View from the airport: DataWorks Summit 2019


Keumars Afifi-Sabet

22 Mar, 2019

Are you from the Hortonworks side or the Cloudera side? It’s a question I found myself asking a lot at this year’s DataWorks Summit, the first major event since the two companies completed their $5.2 billion merger just months ago. Naturally, a marriage of this scale throws up a tidal wave of questions. Unfortunately, there were no answers to be found in Barcelona.

It’s difficult to put my finger on the mood in the air, but it was closest to uncertainty. Given that DataWorks Summit has conventionally been a Hortonworks event, having the ‘new’ Cloudera spearhead it was jarring. Not just for the press, but the comms team. The reason? The May-time Washington DataWorks Summit, as well as Cloudera’s two Strata Data Conferences had already been planned and organised months before the merger was tied up. So the company has to effectively go through the motions with its 2019 events.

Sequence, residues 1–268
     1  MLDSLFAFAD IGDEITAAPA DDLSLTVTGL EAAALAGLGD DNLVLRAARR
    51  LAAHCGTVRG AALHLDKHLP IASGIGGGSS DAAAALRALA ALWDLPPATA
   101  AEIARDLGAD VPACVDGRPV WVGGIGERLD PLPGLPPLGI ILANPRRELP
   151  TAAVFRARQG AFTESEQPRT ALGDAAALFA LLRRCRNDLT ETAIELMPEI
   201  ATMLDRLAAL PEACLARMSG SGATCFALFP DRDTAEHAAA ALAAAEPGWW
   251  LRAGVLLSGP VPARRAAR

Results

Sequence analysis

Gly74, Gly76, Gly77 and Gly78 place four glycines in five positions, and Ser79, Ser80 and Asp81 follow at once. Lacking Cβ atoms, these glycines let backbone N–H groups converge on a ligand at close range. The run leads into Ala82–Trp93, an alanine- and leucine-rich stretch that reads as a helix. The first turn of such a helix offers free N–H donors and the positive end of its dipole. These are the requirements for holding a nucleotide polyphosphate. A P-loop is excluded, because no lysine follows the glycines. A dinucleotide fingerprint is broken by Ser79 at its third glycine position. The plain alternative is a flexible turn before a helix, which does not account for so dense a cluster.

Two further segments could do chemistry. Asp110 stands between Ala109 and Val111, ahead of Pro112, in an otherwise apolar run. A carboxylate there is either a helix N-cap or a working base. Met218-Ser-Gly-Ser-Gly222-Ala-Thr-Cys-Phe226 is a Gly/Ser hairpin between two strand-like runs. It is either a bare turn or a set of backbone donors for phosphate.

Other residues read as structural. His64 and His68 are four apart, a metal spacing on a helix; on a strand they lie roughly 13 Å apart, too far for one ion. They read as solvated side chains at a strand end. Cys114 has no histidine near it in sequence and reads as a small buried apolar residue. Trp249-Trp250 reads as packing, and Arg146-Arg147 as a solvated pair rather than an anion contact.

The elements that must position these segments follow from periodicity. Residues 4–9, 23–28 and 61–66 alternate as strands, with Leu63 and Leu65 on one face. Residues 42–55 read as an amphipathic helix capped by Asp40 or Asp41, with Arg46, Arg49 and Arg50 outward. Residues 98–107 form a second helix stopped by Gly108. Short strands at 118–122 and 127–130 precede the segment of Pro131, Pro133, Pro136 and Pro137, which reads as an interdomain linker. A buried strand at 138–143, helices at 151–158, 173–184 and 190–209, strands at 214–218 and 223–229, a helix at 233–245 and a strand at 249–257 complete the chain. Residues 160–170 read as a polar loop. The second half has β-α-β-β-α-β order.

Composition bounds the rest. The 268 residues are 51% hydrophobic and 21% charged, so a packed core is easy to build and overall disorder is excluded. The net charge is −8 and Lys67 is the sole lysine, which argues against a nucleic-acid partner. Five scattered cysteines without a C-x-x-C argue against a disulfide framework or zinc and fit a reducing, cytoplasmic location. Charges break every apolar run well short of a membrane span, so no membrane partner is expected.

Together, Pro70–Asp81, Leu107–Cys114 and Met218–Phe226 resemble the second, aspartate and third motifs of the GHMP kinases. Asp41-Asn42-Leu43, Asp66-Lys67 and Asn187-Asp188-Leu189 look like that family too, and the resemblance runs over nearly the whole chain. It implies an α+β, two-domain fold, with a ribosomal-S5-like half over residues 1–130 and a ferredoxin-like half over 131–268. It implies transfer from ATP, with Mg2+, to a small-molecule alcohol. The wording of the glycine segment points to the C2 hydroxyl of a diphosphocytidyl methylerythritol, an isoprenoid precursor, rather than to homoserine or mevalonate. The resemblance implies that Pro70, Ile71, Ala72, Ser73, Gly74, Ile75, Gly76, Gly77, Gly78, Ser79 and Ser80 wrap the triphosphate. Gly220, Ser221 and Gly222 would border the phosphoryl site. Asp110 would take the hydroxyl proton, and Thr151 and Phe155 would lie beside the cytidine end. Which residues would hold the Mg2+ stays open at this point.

But it was especially confusing given the Hortonworks branding appears to have been discarded entirely. Instead, the two companies, now operating under the Cloudera umbrella, have undergone a complete image refresh, with a newly-designed logo and several buzzy slogans to boot.

A new image is always something to get excited about. But the fact Cloudera was handing out metal pins emblazoned with the company’s old logo summed up the feeling quite effectively. Its Twitter page, too, is still displaying the company’s old logo at the time of writing.

Meanwhile, the event was fronted by the firm’s chief marketing officer (CMO) Mick Hollison. This underpinned the company’s almost singular focus on ‘image’ this week, which on one level made sense. Earnings day the week before made for grim reading. Revenue grew, sure. But so did expenditure, by quite a lot. This doubled losses to more than $85 million. Yet Cloudera is setting itself a target of becoming a billion dollar company before the end of the year, and reinforced its ambitions to target only the largest companies.